The SEC's Proposed Rule 2-01 Auditor Independence Updates: Do These Modifications Do The Trick?
Posted by John Braun on Feb 12, 2020 6:53:00 PM
On December 30, 2019, the SEC proposed amendments to certain independence requirements with the goal of further aligning the auditor’s independence analysis with Rule 2-01’s “reasonable investor” concept. The concept asks us to consider whether a reasonable investor with knowledge of all the relevant facts and circumstances would conclude that the auditor is capable of exercising objective and impartial judgment?
For those involved with the audit function in the investment company industry, particularly audits of mutual funds, exchange-traded funds, private funds and interval funds, the following facets of the amendment are of specific interest:
The Definition of Investment Company Complex Is Amended
- Unregistered funds should now be included as part of the investment company complex.
BBD Note – There are certain concepts guiding these proposed changes— notably that the existing rules are more onerous than they need be. The perfect example is the current definition of the Investment Company Complex “ICC” and the idea that any entity in that definition should be considered an affiliate for purposes of analyzing independence.
Under the current Rule, an auditor might assess the affiliates of an unregistered fund consistent with an operating company, rather than considering the independence analysis consistent with an investment company. This update further conforms the consideration of independence for an unregistered fund with that of a registered fund.
- The amendments will include only sister companies, advisors, or sponsors that are material to the controlling entity in the Investment Company Complex
BBD Note – The materiality evaluation to be used is consistent with the definition of “affiliate” in Reg S-X Rule 2-01, which considers entities where significant influence exists between those entities and the audit client.
This is likely the most significant proposed change. However, while the concepts of the materiality evaluation do already exist, there will no doubt be much time spent by auditors and others researching the interrelationships of various investment company complexes to properly support their conclusion on whether or not one entity is material to another entity– neither of which are the client or potential client.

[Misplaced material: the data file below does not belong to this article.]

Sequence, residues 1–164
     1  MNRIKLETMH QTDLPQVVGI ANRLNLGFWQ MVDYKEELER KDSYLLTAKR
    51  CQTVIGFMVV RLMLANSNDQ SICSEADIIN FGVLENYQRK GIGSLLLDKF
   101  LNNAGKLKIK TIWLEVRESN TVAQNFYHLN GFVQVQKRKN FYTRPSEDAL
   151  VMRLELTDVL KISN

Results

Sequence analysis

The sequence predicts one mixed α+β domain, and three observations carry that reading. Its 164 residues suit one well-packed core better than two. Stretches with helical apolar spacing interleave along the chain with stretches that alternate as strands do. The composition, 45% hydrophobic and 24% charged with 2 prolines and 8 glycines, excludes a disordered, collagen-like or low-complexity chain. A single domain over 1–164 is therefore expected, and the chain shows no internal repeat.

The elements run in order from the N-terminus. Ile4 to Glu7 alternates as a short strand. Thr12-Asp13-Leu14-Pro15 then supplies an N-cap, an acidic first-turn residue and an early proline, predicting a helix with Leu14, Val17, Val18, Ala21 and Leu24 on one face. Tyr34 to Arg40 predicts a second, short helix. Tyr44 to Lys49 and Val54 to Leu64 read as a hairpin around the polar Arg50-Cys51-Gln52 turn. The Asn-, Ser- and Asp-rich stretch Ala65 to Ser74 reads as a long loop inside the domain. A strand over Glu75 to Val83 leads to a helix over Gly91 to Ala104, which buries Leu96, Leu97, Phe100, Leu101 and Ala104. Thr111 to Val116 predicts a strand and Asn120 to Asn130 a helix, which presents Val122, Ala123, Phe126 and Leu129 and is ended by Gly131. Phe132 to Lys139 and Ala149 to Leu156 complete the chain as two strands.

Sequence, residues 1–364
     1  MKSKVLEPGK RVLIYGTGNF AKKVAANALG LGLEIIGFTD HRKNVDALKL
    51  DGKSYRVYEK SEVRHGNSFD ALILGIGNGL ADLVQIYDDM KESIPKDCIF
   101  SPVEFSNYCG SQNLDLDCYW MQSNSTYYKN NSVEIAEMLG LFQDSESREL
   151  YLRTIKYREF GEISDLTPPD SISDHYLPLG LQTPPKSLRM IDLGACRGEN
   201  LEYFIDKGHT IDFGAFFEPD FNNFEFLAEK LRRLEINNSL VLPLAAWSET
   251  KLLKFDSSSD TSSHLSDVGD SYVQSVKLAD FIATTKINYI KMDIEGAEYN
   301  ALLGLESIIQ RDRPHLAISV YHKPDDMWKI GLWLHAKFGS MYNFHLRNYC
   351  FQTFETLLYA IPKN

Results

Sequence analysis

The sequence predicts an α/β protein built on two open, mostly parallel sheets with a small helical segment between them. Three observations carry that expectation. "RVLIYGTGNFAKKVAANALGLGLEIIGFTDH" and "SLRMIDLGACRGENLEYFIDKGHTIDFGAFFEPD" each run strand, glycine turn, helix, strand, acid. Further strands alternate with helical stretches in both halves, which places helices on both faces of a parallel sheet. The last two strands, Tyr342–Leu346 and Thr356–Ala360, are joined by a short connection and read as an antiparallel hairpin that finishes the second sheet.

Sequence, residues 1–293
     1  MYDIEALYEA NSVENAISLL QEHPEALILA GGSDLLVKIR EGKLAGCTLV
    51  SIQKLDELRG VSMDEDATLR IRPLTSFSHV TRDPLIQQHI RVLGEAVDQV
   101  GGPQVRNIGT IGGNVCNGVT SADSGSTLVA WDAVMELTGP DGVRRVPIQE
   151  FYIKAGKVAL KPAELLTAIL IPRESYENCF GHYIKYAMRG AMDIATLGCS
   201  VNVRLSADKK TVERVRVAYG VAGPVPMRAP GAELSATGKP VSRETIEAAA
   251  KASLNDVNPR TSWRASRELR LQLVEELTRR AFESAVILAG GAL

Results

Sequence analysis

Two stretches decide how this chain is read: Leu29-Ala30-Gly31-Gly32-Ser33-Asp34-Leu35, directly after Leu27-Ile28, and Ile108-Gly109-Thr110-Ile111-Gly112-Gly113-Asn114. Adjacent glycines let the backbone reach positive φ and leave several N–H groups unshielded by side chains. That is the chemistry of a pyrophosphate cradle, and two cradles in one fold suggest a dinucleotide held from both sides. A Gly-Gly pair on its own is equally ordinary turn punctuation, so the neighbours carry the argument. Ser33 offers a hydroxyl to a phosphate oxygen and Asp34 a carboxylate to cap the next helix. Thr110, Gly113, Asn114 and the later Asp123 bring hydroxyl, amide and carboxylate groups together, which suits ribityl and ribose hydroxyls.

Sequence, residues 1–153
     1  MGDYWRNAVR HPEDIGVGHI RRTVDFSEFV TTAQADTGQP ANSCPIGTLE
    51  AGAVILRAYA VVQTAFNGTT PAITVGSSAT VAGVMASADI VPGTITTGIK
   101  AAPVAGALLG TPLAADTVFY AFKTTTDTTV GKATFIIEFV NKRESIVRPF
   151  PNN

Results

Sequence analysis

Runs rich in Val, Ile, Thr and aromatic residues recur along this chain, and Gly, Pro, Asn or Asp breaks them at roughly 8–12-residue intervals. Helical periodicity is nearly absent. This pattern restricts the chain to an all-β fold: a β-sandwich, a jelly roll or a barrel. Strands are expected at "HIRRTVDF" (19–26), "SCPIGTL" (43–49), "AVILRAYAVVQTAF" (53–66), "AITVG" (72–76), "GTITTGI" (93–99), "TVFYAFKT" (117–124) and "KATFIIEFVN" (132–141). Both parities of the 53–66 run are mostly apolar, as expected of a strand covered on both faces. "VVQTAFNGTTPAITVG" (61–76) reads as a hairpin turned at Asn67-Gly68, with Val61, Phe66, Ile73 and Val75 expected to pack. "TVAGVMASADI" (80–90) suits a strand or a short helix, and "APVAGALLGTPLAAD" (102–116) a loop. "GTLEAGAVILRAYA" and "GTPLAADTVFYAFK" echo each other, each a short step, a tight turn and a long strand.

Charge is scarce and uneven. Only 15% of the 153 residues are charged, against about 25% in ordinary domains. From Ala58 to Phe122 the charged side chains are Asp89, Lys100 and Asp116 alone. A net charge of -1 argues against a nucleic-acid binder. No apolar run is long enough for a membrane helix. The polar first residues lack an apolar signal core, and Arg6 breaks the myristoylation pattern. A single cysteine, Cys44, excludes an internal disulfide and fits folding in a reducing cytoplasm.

You may recall that the SEC had also issued amendments that were effective October 2019 and relevant specifically to the Loan Rule. See BBD’s blog post “SEC Updates the Loan Rule.”
Further Modifications to the Loan Rule Through These Rule 2-01 Amendments
- Student loans relating to a “covered person’s” educational expenses obtained while the individual was not a “covered person” will not be considered as a violation of the Loan Rule.
BBD Note – The specific limitations to student loans of the individual and also those obtained while not a covered member are aimed at the potential materiality of the loan to the covered member. The concept here is that the auditor obtained a loan for education. That loan is likely aging at this point, of less value, and not obtained at a point when there is a conflict.
- Violations of the loan rule now exclude “consumer loans” such as retail installment loans, cell phone installment plans, and home improvement loans with a balance less than $10,000
BBD Note – Limited amounts of debt can reasonably be expected to be incurred and not likely to raise threats to the auditor’s objectivity or impartiality
In June of 2016, the SEC issued a No-Action Letter to Fidelity Management & Research Company relating to a potential independence issue of its auditors and relating specifically to the Loan Rule. There were updates to Rule 2-01 effective in October 2019, and now further updates are being proposed. Clearly the SEC sees room for improvement. Did these most recent modifications do the trick?